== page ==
To the best of our knowledge, just one study was performed to assess the efficacy of PUI, EAS, and XPEFR as additional techniques for removing residual root canal filling materials by micro-computed tomography (micro-CT). However, it was conducted in flattened root canals of extracted human mandibular premolars.[6] Therefore, the present study is the first scientific investigation planned to perform the same analysis in flattened distal root canals of extracted human first lower molars. The null hypotheses tested were that: (I) there are no advantages when using additional cleaning techniques for the removal of root canal filling materials and (II) there are no differences in root canal filling materials removed by PUI, EAS, or XPEFR, despite the area assessed (total space vs. apical third of the root canal).


   Subjects and Methods Top


This study was approved by the research ethics committee of the University (n. 2.599.986). The sample size determination was conducted using the analysis of variance (ANOVA) test and considered an effect size of 0.5 (acquired from a pilot study with three specimens), a significance level of 5% and a test power of 80%. The calculation was done with a G*Power v. 3.1.9.4 software (Heinrich-Heine Universität Dusseldorf, Dusseldorf, Germany) and pointed out that a minimum of 36 specimens (n. 12 per group) would be needed.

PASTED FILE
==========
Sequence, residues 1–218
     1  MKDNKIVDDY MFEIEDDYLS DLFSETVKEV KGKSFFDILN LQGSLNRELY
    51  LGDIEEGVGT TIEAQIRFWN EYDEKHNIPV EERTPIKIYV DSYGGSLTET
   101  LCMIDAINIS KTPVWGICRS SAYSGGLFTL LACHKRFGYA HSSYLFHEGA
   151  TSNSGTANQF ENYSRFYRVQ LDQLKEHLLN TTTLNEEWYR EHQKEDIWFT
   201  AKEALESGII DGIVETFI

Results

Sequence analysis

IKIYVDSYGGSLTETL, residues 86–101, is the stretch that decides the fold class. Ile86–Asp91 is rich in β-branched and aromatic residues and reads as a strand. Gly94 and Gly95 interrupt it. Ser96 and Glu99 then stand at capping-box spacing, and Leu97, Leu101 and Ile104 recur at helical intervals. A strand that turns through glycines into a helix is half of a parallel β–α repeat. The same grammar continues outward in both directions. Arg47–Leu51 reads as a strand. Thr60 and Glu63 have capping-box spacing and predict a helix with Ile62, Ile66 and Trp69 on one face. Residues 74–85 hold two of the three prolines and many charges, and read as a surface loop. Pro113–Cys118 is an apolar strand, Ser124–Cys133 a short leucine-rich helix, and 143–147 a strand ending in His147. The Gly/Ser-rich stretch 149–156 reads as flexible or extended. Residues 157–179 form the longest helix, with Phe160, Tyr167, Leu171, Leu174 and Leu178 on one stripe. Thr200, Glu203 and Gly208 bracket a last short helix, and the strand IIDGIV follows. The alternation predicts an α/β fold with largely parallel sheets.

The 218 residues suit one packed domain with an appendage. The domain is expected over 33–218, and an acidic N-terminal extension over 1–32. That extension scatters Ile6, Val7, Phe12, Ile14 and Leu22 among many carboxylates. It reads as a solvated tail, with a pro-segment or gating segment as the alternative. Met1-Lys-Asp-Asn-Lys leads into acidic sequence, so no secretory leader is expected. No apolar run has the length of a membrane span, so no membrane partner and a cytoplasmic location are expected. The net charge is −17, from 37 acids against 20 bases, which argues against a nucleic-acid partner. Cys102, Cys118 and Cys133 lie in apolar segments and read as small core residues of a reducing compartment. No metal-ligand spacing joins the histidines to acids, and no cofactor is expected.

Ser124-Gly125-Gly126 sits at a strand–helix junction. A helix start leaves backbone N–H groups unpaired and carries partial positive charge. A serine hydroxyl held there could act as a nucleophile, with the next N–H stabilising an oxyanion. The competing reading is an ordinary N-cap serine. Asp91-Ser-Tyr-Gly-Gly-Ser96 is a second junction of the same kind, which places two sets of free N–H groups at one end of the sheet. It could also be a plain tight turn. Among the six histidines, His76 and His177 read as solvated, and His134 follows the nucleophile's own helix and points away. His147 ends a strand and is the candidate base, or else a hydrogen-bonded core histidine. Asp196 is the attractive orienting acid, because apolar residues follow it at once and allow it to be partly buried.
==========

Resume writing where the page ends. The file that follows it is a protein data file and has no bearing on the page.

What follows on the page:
Sample selection

Initially, 144 human first lower molars extracted for reasons unrelated to this research were acquired from the institutional tooth bank as a preselection. Then, the teeth were radiographed in the mesiodistal (MD) and buccolingual (BL) views to ascertain the presence of a single canal in the distal root. The tooth crown of 72 teeth was initially sectioned up to 2 mm from the cementoenamel junction (buccal side as the reference) using a double-sided diamond disc, aiming to make a plateau for performing the initial micro-CT scan (SkyScan 1174; Bruker micro-CT, Kontich, Belgium) to analyze the anatomical characteristics of the teeth at 800 μA, with a 50 kV X-ray source. The parameters used for the scanning procedure included a rotation step of 0.7° and 360° around the vertical axis, 16.82 μm pixel size, and a 0.5-mm thick aluminum filter. Micro-CT scanning process lasted about 55 min per specimen. Three-dimensional (3D) images were acquired, and volumetric analyses were performed by NRecon V.1.6.8.0 and CTAn v. 1.12 software (Bruker micro-CT, Kontich, Belgium), respectively. This initial micro-CT scanning process was designed to analyze the data obtained, in order to select 36 specimens with very similar flattened distal root canals, based on the following features: complete formed root apex, with a curvature of up to 20° in the BL and MD directions, without previous endodontic treatment or root resorption, and with specific numerical parameters: volume (mm3) – 7.23–7.73; area (mm2) – 37.52–42.83; structure model index (SMI) −1.98–2.03; and diameter ratio – 3.80–3.90.[7],[8]

Root canal preparation

Initially, the opening cavity was refined using high-speed Endo Z burs (KG Sorensen, Barueri, São Paulo, Brazil) under continuous irrigation with water. Then, the distal canal orifice was identified, and it was explored with a #15 K-file (Dentsply-Maillefer, Ballaigues, Switzerland), until its tip was observed at the apical foramen under magnification (×10), using an operating microscope (Alliance Microscopia, São Carlos, São Paulo, Brazil). This procedure was performed to check the apical patency and establish the working length (WL) at 1 mm of the apical foramen.